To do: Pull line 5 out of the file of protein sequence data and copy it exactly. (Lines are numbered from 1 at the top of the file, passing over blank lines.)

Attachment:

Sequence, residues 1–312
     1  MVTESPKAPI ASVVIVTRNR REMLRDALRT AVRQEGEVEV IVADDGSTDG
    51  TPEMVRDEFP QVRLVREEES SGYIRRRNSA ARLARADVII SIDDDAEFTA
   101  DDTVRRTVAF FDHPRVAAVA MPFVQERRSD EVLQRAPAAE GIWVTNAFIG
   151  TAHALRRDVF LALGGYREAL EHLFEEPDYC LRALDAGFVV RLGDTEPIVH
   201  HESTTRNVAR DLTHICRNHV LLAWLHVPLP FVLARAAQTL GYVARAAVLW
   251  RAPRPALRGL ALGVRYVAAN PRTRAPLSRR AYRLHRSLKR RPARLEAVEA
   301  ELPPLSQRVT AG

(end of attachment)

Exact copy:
   151  TAHALRRDVF LALGGYREAL EHLFEEPDYC LRALDAGFVV RLGDTEPIVH